Pixar Fires Company Savior Who Rescued ‘Toy Story 2’

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The toys gather around a "Welcome home Andy" sign at the end of 'Toy Story 2'

Credit: Pixar Studios

Toy Story 2 (1999) is renowned as one of Pixar’s best films – yet the company just fired the employee responsible for its existence.

Back in the 1990s, theatrical animated sequels weren’t as commonplace as they are today. That’s why, when Disney asked Pixar to produce a follow-up to its box-office smash Toy Story (1995), it started producing a direct-to-video tale that rapidly outgrew its small screen intentions.

The characters of 'Toy Story 2' gathered together
Credit: Pixar

But the making of Toy Story 2 did not run smoothly. While Disney upgraded the film to a theatrical release, Pixar animators were forced to work around the clock to meet its tight deadlines. With production already strained, it didn’t help when one of the animators accidentally deleted the root folder of Toy Story 2 on Pixar’s internal servers. The team quickly shut down the file servers but ultimately lost 90% of their work.

Thankfully, that’s where Galyn Susman came in. The Supervising Technical Director – who had been working from home to take care of her newborn child –  saved the day when she revealed she had a backup copy of the film on her home computer. Pixar was ultimately able to recover nearly all of the assets, giving them the green light to proceed.

The Luxo lamp and ball on the grounds of Pixar Animation
Credit: Pixar

Pixar ended up rehashing the entirety of Toy Story 2 in an unprecedented nine months when John Lasseter declared it didn’t meet the studio’s standard of quality. However, Susman’s efforts still saved the company priceless time, effort, and money.

This story has become the stuff of Pixar legend, retold by Pixar co-founder Ed Catmull in his book “Creativity Inc.” That’s why fans were shocked to hear that Susman was one of the 75 Pixar employees laid off from the studio on May 25.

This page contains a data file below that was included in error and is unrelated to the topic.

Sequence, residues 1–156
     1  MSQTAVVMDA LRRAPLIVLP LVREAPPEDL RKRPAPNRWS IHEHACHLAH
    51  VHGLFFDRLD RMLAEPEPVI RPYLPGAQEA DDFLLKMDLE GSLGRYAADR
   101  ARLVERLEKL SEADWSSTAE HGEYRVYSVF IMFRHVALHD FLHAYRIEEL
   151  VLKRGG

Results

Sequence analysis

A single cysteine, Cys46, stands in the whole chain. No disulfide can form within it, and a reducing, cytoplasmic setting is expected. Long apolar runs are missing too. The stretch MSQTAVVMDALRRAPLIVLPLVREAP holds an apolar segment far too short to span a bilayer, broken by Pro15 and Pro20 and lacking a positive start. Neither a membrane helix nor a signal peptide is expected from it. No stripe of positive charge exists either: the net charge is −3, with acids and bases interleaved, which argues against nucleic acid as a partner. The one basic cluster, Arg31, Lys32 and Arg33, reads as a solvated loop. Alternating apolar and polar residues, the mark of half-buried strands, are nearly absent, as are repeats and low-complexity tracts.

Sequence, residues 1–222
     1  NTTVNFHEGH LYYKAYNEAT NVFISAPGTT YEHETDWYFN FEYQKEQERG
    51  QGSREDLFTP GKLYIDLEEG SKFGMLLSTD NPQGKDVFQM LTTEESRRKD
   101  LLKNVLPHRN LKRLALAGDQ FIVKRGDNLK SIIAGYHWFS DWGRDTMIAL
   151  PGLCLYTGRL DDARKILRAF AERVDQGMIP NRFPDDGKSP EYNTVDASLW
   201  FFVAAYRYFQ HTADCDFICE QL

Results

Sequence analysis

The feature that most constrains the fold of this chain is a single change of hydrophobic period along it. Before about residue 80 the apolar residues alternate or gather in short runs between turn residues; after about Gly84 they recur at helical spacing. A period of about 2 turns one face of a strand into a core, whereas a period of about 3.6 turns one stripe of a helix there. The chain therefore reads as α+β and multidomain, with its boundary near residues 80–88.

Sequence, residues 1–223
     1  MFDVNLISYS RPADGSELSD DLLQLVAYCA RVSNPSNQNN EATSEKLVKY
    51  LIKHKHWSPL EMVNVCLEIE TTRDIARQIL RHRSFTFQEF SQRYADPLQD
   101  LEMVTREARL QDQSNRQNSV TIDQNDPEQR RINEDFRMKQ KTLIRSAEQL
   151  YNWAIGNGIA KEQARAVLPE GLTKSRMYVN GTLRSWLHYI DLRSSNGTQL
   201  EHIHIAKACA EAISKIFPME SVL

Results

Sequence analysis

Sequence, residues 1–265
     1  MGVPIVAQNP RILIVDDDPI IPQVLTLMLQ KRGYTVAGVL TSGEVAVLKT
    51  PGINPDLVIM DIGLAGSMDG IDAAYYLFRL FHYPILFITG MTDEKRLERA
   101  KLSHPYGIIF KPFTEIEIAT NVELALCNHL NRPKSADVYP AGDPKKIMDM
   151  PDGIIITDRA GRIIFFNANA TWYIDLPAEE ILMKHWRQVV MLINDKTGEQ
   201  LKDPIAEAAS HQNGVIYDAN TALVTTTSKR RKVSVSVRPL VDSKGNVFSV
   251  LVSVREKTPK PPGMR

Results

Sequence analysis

After Toy Story 2, Susman went on to work on the likes of Ratatouille (2007), Toy Story 4 (2019), and Lightyear (2022). Ultimately, the latter is what likely led to her dismissal from Pixar, with the company culling multiple long-time employees who worked on the project.

Buzz Lightyear (Chris Evans) in 'Lightyear'
Credit: Disney/Pixar

Outsiders have put this down to the film’s failure at the box office, where it reportedly lost Disney around $106 million. Lightyear could not be shown in 14 Middle Eastern and Asian countries due to its depiction of a same-sex relationship, which had a big impact on its performance.

The Pixar layoffs also included Lightyear director Angus MacLane, an animator who spent 26 years at the studio and was part of the senior creative team on Toy Story 4 (2019) and Coco (2017). These were the studio’s most significant layoffs in over a decade.

Considering the fact that fans have long called out both Disney and Pixar’s habit of relying on sequels, this doesn’t seem like a fault of the Pixar employees involved but the higher-up decisions that led to Lightyear‘s failure. It’s next film, Elemental (2023), has also been projected for commercial failure. Scapegoating long-time employees solves the Lightyear problem, yes. But the real cause of Pixar’s dwindling box office prowess is a much deeper problem – one that needs the studio’s most experienced creatives more than ever.

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